A letter of credit is a financial instrument used to secure payment to a specified party on production of specified documents that evidence the shipment of goods. Letters of credit are typically required by overseas suppliers in an attempt to mitigate some of the risks associated with trading on open account terms.
Although they can also be used in trade within one company in some circumstances. The letter of credit also gives some element of reassurance to the buyer that they will not be payment for product that has not been shipped or does not meet the terms of their order.
The letter of credit is issued by a bank and will typically name the business that will be the beneficiary (typically the supplier), specify the documents that are required to be presented (see below), specify the sum to be paid and the expiry date of the letter of credit (often abbreviated to an LC).
The documents required by the LC are normally those required to evidence shipment of the goods and the quality and quantity of the product that has been shipped. Letters of credit are not only relevant to sea transportation, they can be equally be used for air and road transported goods.
Typically the LC may call for documents that evidence the packing of the goods, known as a packing list. Multiple copies of documents may be required by the LC. Invoices are also typically required. The buyer may call for some form of inspection certification. This may be by an independent inspectorate such as a government department or it may be by the buyers overseas agent. The former may be required for the importation of the product e.g. compliance with safety standards and the latter can be required to give the buyer more assurance that the product is fit for purpose and of merchantable quality.
Next the LC is likely to call for documentation that evidences the shipment of the product. For sea freight this may be bills of lading. A bill of lading is a document issued by a shipping company evidencing the receipt of goods (normally in containers) onto a specified ship for onward transfer to a specified destination. For air freight, an airway bill is typically required, providing similar evidence of loading onto a plane. In the case of transport by road, documents evidencing road transportation will be requested.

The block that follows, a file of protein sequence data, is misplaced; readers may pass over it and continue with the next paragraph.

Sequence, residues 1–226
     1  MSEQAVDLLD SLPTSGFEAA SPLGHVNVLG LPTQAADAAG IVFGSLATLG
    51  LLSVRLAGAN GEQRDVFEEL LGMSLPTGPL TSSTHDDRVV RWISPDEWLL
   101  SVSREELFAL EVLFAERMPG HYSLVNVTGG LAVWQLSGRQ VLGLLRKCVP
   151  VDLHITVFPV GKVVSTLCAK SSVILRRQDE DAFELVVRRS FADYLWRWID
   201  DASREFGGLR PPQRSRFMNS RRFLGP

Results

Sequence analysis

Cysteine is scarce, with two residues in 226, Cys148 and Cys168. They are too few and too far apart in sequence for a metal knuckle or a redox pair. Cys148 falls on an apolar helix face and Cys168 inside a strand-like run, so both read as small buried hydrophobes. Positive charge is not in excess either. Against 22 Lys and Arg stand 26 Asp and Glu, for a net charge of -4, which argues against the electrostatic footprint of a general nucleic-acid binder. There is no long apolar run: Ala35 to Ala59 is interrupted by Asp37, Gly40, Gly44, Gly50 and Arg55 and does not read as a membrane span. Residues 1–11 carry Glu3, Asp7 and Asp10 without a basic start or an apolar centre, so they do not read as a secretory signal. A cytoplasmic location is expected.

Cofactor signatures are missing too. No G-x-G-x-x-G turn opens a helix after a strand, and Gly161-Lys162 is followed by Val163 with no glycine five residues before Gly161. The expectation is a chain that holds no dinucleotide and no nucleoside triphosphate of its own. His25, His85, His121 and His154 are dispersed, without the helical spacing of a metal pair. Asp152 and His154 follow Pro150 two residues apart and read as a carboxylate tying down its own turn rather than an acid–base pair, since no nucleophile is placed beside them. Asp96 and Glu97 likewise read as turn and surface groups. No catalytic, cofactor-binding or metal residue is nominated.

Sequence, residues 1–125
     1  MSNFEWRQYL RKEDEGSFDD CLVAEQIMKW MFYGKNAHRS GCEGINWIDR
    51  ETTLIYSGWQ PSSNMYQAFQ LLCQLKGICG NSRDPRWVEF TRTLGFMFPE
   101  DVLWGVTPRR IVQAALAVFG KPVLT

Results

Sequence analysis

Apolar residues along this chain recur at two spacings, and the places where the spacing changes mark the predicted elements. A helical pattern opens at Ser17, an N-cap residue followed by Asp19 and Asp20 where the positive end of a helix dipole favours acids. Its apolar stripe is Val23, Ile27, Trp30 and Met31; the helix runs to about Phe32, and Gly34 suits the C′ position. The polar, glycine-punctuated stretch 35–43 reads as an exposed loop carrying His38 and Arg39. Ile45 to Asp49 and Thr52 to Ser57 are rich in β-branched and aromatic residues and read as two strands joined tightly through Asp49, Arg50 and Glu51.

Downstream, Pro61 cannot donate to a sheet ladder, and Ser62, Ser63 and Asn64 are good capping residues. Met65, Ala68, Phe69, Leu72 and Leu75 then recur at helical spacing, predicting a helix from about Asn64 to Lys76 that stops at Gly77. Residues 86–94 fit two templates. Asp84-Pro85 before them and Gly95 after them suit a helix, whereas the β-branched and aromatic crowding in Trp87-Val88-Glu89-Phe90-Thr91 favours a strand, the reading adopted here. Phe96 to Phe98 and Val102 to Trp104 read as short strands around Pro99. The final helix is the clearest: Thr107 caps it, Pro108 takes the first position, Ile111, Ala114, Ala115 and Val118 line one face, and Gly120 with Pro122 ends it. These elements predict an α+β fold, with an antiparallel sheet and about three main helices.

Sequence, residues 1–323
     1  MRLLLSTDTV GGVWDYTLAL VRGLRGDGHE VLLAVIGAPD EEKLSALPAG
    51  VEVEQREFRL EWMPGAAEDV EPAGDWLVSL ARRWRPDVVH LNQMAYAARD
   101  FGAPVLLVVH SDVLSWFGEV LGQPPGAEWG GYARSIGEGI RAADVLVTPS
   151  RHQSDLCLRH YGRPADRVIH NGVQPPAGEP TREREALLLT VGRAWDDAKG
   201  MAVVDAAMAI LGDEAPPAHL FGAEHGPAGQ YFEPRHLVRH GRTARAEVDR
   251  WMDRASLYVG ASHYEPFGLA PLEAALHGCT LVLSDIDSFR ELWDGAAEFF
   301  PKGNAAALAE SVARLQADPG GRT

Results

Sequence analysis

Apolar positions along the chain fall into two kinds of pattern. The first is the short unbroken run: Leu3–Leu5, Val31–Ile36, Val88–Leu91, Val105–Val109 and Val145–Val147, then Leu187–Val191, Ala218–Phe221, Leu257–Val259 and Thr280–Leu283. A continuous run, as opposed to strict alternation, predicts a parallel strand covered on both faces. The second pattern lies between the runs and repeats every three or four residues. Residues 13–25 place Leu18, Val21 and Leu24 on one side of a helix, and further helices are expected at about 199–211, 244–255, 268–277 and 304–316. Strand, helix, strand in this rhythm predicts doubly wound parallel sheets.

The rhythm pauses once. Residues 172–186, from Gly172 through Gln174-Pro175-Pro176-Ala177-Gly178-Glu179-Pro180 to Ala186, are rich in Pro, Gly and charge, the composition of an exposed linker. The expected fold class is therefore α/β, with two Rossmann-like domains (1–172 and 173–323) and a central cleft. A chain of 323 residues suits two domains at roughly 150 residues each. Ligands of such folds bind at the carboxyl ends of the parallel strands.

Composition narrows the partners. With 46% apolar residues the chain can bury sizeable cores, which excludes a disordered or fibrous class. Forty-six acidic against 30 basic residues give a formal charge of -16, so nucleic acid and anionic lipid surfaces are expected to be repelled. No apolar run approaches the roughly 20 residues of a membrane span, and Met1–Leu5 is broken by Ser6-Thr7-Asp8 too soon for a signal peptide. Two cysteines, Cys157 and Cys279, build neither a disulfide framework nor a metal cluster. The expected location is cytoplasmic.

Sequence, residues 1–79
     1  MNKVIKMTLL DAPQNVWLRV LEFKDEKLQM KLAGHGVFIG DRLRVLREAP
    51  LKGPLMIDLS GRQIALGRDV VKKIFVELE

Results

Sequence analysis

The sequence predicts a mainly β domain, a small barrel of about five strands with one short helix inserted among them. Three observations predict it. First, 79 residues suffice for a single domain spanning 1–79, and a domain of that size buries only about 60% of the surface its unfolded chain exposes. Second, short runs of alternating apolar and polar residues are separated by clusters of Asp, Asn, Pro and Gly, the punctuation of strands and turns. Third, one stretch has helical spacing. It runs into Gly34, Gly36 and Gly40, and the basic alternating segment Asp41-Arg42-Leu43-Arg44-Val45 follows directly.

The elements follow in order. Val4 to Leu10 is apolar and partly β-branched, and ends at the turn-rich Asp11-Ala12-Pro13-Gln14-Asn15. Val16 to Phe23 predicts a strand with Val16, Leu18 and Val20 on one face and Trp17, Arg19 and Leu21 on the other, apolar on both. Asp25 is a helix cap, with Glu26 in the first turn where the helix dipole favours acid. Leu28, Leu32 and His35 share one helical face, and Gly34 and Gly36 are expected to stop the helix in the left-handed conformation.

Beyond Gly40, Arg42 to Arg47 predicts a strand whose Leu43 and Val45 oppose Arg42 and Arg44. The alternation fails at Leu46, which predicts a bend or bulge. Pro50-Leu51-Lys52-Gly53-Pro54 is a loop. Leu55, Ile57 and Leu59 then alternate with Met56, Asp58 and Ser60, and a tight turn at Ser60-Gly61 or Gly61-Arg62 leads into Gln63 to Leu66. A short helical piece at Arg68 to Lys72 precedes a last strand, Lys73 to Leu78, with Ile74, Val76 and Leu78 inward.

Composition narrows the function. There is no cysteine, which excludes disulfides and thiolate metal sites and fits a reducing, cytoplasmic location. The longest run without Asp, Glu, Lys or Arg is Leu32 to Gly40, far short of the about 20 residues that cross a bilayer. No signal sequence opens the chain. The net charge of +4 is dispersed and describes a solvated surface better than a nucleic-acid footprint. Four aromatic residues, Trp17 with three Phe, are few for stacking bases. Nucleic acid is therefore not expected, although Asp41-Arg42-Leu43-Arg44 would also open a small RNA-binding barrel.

The letter of credit could make request for other documents in addition to the above. The LC will confirm that on presentation of these documents to a bank, the specified sum will be paid.
Despite the added security of trading by letter of credit there are still some risks to the supplier if funds are not available from the issuing bank to clear the LC. Therefore, in some cases the seller may ask for the letter of credit to be confirmed by a local bank. In confirming a letter of credit, the local bank undertakes to pay the LC and takes on the financial risk.
Letters of credit can therefore be useful to the buyer and the seller but the buyer will need to either provide funds to their bank or have a facility in order to open a letter of credit to their supplier. This can create an issue for the buyer. This can be addressed in a number of ways. Firstly, if the buyers credit standing is good they may quality for a revolving facility which can be used to open letters of credit to their suppliers. If the buyers credit history is not so strong they may be able to use a factoring facility, combined with a trade finance facility to secure the transaction. In the case of factoring, the factoring company will factor the ultimate debts to the buyers debtors and the funds released from these sales invoices are used to liquidate the liability incurred from the letter of credit.
Similar to a letter of credit is a documentary collection. With this form of payment, a local bank will be instructed to pay the buyer of production of specified documents in much the same way as a letter of credit. However, the sellers security is reduced as the exact requirements are not set out and agreed in a financial instrument as is the case with a letter of credit.
Letters of credit, documentary collections, trade finance and factoring are complicated areas, especially when concerned with imports and exports. However, our advisers will be more than happy to assist you by finding you organisations that can open letter of credit for you and if necessary provide the trade finance and factoring facilities to support the opening of letters of credit to your suppliers.
The cost of letter of credit, trade finance facilities depends very much upon your requirements and circumstances.